Martin Shkreli – the notorious former pharmaceutical executive fresh out of jail after his 2017 fraud conviction – announced his latest eyebrow-raising venture on Monday: creating a “Web3 drug discovery platform”. based on the blockchain that traffics in its own cryptocurrency, MSI, aka Martin Shkreli Inu.
The platform, still in early development, is called Dopeaccording A press release which circulated on Monday. The platform’s goals are seemingly ambitious, but the details are extremely sketchy and Shkreli’s intentions have already sparked skepticism. It’s also unclear whether the company will bring Shkreli against his lifetime ban from the pharmaceutical industry, which stems from the brutal and ruthless 4,000% price hike of a life-saving drug that he is suffering from. made infamous.
Shkreli, who is named co-founder of Dope, says the platform aims to make early-stage drug discovery more affordable and accessible. “Druglike will remove barriers to early-stage drug discovery, increase innovation, and allow a wider group of contributors to share the rewards,” Shkreli said in the press release. “Underserved and underresourced communities, such as those focused on rare diseases or in developing markets, will also benefit from access to these tools.”
Typically, early-stage drug development can sometimes involve virtual screens to identify potential drug candidates. In these cases, pharmaceutical scientists first identify a “target” – a specific compound or protein that plays a critical role in the development of a disease or condition. Then researchers look for compounds or small molecules that might interfere with that target, sometimes binding or “attaching” directly to the target in a way that stops it working. This can be done in physical labs using massive libraries of compounds in high-throughput chemical screens. But it can also be done virtually, using specialized software and lots of computing power, which can be resource-intensive.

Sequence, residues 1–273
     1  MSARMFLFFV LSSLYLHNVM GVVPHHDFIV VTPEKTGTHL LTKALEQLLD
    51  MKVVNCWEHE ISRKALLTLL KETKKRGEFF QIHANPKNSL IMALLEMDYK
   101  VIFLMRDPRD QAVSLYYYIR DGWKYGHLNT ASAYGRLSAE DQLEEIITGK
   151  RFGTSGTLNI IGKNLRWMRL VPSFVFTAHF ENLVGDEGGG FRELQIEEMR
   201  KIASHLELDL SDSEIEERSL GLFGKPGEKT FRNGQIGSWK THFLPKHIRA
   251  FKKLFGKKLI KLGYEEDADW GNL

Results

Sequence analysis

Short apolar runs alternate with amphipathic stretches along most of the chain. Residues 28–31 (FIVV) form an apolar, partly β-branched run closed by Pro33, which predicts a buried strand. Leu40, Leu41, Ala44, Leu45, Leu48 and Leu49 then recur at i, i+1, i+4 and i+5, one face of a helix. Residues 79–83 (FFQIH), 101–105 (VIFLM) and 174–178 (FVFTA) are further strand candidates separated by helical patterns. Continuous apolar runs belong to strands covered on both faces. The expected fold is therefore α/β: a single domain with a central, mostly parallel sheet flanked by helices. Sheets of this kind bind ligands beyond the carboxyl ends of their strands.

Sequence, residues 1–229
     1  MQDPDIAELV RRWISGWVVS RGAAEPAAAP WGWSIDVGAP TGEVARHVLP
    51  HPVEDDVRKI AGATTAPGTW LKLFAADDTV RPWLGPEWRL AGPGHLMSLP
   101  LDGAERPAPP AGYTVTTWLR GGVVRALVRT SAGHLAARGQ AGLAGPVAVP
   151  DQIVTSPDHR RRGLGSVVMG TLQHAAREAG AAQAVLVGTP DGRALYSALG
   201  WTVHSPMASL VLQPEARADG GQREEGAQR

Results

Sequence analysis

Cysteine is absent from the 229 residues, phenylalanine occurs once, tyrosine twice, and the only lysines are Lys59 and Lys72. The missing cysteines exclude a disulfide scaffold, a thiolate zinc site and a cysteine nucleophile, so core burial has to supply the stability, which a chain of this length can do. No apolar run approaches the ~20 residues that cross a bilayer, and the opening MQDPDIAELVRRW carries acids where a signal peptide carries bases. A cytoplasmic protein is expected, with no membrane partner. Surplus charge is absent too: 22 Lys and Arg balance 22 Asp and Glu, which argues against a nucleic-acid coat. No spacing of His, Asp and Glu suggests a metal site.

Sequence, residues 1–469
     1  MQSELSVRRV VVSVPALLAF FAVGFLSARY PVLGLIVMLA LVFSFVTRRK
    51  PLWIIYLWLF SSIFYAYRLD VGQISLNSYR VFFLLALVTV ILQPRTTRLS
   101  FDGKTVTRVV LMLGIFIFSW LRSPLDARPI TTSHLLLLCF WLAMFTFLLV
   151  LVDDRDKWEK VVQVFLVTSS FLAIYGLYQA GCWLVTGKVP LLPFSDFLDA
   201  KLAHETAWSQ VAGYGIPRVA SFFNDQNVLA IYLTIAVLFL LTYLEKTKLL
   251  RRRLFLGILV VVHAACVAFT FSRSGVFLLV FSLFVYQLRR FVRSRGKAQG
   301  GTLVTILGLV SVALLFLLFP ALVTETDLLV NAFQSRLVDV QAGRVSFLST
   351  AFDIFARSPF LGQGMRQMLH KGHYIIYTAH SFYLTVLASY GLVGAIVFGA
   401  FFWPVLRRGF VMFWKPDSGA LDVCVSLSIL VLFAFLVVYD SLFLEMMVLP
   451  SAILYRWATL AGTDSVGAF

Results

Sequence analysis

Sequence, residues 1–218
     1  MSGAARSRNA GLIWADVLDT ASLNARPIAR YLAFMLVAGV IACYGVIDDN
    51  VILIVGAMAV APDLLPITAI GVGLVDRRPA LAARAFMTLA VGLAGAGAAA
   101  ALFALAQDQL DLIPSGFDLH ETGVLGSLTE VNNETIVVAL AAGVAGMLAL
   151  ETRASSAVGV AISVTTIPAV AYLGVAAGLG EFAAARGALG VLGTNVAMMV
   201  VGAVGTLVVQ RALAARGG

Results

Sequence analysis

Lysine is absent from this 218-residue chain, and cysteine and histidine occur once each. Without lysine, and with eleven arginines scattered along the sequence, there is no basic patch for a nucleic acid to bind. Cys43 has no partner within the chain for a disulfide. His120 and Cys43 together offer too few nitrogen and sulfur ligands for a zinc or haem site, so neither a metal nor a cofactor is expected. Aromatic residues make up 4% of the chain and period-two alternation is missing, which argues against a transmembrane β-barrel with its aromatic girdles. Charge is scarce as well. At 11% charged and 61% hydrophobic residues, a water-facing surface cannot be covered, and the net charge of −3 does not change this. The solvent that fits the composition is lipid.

Concepts and questions
This is where Shkreli’s Druglike is supposed to come in. a white paper posted on The Druglike website, Jason Sommer, partner at Shkreli, lays out some concepts on how the company’s platform works. Essentially, it would use a decentralized computing network of task providers, solvers, and validators that would run and optimize virtual drug candidate screening. The white paper bears similarities to FoldIt, an online puzzle game that essentially uses distributed computing and crowdsourcing to fold proteins and predict their structures.
But Druglike’s platform is touted as incorporating blockchain concepts and cryptocurrency transactions when users perform tasks, such as splash screens. For example, the article describes a concept of “proof of optimization” as a “new” blockchain-based verification step for filtering jobs similar to Bitcoin’s “proof of work” method.
“We propose a blockchain-based implementation of optimization proof, where a distributed ledger stores records indicating which proof solutions belong to which solvers. Smart contracts enable secure distribution of rewards to the solver who owns the verified proof “, writes Sommer in the paper.
But, for now, the white paper only vaguely describes these concepts, and it’s unclear how cryptocurrency transactions will generate value. It’s also unclear how the project will be funded, although an online exchange has suggested the company may be seeking for venture capital financing.
In that conversation, he scoffed at the idea that the platform would violate his lifetime ban on pharma, saying the project was only for software development, not drugs. “Writing code in Github and hitting ‘go’ doesn’t make you a pharmaceutical company,” he said.